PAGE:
Between 1776 and 1849, seventy-eight constitutions were officially drafted in the United States, of which twenty-one were never put into practice. (15) Of the fifty-seven constitutions adopted, 10% failed to contain any reference to a single human right. (16) Furthermore, 20% of the remaining fifty-one constitutions addressed only a fairly limited number of rights. (17) The last of these constitutions before mid-century to do so were the 1845 constitution of Louisiana and the 1846 constitution of New York. The omission of a declaration of rights could constitute a reason for rejecting a proposed constitution, as was the case in Massachusetts in 1778. (18) More importantly, the necessity of a declaration of rights became manifest in the debates over the ratification of the Federal Constitution in 1787 and 1788. (19) Only the promise to add a declaration of rights secured ratification of the document. (20) In turn, the first ten amendments to the Federal Constitution--popularly known as the Bill of Rights--were adopted in 1791 to make good on this promise.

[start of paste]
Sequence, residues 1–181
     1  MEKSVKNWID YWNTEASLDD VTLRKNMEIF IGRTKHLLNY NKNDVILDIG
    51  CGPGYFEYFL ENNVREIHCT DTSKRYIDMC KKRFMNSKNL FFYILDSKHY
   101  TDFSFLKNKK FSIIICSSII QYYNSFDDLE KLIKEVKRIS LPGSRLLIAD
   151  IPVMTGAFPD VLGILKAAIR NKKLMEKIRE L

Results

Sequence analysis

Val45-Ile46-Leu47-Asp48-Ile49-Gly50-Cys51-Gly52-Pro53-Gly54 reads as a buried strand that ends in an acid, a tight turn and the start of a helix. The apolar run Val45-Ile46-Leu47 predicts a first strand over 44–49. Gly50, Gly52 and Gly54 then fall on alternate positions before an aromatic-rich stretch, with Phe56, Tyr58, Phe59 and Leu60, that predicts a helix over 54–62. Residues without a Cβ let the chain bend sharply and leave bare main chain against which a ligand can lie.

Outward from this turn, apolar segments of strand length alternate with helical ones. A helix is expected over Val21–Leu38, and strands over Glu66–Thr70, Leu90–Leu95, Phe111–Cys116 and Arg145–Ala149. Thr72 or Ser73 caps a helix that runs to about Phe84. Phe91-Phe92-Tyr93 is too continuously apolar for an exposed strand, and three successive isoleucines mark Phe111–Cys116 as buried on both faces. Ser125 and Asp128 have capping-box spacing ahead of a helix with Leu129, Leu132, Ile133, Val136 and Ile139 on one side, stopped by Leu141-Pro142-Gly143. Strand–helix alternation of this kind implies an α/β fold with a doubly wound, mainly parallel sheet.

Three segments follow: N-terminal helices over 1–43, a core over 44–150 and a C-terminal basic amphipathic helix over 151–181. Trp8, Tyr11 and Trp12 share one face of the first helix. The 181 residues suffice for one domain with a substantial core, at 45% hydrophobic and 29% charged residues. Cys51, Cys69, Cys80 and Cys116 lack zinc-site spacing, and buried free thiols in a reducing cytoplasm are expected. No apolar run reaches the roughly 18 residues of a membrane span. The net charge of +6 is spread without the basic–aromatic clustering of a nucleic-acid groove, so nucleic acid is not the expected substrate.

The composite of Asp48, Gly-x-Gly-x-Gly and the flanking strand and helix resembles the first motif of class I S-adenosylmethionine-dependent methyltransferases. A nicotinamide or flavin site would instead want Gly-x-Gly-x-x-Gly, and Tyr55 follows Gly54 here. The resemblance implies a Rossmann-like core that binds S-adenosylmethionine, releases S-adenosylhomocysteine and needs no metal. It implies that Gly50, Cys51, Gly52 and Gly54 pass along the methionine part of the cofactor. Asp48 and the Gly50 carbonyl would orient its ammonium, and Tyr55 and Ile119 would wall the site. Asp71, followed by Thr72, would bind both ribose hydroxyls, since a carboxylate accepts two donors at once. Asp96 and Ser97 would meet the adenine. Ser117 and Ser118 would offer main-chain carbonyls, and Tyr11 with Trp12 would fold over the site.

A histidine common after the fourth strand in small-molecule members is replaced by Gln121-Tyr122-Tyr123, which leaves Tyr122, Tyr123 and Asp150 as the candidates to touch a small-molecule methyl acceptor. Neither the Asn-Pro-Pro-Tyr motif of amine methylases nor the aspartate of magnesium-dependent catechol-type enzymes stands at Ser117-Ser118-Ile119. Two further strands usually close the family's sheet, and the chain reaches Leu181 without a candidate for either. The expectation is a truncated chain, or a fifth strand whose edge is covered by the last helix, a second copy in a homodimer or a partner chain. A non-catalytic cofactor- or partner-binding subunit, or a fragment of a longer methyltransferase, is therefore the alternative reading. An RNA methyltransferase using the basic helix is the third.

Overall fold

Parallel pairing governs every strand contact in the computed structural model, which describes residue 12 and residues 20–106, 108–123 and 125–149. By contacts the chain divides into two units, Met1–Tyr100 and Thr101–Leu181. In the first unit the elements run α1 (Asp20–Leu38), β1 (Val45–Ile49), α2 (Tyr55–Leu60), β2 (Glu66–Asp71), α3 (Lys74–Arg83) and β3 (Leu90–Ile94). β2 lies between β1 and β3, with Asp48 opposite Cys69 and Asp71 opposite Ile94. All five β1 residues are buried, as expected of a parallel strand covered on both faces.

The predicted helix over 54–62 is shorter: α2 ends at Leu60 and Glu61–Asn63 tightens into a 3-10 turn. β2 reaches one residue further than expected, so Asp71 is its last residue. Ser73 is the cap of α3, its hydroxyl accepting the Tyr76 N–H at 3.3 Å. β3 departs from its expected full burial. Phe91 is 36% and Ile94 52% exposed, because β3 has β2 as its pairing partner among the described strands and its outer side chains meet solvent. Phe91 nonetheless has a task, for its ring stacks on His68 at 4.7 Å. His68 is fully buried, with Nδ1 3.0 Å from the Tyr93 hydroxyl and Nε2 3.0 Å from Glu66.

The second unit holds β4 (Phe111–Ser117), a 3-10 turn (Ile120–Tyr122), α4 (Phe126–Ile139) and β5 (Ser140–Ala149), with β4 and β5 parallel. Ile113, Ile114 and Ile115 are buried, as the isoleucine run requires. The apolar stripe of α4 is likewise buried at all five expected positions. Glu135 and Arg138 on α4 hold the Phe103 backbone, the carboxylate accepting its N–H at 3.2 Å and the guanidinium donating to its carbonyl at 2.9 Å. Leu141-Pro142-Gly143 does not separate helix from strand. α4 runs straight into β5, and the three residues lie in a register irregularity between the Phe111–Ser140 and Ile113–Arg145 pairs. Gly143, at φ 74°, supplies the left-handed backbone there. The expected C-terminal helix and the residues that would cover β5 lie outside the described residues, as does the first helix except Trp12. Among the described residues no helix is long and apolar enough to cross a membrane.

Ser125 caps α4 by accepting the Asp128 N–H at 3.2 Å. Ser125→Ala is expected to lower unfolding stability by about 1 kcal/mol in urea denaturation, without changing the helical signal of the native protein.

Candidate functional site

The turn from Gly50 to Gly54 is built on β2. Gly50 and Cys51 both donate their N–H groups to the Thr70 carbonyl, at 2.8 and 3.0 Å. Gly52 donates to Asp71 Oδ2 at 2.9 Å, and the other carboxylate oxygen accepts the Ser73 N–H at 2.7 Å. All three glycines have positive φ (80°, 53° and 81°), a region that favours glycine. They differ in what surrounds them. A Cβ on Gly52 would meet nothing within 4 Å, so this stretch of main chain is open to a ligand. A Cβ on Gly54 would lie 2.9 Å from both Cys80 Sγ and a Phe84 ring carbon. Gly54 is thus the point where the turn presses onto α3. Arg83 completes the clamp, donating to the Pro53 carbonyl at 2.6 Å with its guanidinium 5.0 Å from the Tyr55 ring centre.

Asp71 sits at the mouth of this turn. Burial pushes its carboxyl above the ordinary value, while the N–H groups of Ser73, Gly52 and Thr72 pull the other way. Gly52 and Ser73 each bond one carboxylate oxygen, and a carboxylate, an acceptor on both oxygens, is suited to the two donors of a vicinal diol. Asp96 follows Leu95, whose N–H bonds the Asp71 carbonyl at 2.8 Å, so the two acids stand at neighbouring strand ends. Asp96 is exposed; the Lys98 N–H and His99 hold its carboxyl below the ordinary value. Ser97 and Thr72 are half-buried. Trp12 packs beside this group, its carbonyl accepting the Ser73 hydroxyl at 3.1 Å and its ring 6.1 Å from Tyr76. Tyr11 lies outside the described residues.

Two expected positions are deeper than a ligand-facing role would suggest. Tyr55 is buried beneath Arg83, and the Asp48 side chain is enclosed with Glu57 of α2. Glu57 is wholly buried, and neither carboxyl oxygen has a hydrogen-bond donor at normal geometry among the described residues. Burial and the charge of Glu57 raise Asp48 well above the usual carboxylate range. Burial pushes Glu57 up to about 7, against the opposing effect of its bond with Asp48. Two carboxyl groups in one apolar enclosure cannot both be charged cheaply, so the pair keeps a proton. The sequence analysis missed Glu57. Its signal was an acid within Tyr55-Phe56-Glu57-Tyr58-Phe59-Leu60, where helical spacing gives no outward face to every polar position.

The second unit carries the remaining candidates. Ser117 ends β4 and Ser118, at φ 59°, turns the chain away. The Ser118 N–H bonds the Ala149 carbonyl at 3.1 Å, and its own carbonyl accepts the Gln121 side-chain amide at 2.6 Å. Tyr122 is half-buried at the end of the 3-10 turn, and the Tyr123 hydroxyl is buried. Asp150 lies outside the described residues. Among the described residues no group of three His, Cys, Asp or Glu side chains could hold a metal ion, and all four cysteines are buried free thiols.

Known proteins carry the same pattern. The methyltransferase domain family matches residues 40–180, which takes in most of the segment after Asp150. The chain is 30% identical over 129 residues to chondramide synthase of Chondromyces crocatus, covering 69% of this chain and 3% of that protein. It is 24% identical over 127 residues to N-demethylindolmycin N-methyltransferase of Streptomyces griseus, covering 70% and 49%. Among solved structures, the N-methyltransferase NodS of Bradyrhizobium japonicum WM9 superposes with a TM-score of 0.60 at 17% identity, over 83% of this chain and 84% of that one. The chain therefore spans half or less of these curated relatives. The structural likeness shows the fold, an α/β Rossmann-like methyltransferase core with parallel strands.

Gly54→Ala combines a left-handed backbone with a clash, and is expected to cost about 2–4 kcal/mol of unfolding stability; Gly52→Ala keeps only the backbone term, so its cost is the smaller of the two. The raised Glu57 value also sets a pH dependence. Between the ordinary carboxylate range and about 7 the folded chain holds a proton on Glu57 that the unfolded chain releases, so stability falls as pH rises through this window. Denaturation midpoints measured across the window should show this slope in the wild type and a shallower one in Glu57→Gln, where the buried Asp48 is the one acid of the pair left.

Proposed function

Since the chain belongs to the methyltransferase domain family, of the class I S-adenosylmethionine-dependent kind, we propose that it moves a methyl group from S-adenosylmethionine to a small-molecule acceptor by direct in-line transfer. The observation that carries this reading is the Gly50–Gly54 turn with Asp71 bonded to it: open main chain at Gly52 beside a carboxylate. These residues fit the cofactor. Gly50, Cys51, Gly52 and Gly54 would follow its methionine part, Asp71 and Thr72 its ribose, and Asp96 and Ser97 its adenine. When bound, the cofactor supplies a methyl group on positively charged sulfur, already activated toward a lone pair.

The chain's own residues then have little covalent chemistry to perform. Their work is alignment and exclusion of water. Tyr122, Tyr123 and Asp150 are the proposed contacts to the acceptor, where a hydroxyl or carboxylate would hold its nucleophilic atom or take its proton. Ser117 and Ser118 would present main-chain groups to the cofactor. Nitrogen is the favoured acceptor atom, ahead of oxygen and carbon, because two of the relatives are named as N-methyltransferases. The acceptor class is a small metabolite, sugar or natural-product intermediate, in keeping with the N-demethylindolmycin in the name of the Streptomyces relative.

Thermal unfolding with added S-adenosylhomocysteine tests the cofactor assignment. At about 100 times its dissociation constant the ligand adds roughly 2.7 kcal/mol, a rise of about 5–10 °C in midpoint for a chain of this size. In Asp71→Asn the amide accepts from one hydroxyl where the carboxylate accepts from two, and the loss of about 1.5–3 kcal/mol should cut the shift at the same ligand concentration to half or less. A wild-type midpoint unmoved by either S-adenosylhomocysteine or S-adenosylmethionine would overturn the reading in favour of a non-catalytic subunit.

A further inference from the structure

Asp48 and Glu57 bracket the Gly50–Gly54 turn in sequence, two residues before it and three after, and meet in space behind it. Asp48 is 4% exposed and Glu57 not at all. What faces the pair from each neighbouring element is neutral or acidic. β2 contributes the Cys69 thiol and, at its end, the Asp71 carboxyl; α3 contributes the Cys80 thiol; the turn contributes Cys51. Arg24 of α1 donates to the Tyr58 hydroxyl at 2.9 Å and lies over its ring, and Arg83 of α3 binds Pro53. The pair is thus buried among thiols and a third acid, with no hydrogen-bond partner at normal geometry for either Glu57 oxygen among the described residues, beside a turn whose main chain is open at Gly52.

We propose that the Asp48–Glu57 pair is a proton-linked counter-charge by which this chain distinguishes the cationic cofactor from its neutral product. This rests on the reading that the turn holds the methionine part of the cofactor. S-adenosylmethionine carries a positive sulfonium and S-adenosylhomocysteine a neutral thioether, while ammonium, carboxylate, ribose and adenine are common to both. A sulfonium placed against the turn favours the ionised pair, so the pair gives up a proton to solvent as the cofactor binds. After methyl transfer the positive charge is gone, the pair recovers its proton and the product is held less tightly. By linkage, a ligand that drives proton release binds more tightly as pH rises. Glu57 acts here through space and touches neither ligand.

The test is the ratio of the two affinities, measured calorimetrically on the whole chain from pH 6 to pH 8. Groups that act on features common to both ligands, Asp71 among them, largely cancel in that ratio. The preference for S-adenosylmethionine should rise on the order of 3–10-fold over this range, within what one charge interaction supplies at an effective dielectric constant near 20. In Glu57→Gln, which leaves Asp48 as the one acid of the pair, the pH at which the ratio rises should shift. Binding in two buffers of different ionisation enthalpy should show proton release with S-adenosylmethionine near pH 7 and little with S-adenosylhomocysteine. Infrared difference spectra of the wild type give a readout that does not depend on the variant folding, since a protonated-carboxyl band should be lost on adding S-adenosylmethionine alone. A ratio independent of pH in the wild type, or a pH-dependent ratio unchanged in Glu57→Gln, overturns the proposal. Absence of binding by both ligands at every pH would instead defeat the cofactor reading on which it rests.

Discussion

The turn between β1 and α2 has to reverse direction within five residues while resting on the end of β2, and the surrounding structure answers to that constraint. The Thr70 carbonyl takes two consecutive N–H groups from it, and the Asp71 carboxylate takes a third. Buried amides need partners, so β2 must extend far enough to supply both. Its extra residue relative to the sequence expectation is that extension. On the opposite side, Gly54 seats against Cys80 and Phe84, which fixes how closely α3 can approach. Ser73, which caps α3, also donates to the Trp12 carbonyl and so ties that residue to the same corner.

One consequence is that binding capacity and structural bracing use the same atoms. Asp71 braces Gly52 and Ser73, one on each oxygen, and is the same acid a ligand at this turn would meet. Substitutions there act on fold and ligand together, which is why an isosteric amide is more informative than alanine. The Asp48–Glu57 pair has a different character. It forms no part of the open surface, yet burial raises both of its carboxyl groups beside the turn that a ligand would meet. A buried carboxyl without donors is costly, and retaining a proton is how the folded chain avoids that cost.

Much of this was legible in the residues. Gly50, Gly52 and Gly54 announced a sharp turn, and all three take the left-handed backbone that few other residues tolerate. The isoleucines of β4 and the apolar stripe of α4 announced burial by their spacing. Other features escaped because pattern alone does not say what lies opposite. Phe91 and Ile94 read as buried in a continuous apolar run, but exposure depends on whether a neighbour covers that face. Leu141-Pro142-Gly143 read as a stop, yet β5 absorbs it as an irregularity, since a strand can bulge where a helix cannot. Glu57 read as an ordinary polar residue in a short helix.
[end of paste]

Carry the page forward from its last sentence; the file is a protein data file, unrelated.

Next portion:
The American discourse on human rights produced its first constitutional document with the Declaration of Rights of Virginia on June 12, 1776. (21) The example was so convincing that most of the other states decided also to adopt a similar declaration. Only New Jersey did not do so until 1844, and Georgia, New York, South Carolina, and Louisiana, relied on a restricted number of rights in their successive constitutions up to the Civil War. (22) The number of these rights included in their respective constitutions varied between six (in New York as of 1777 and Georgia as of 1789) and twenty-two (in New York as of 1846), with an average of around ten rights for the rest of the states.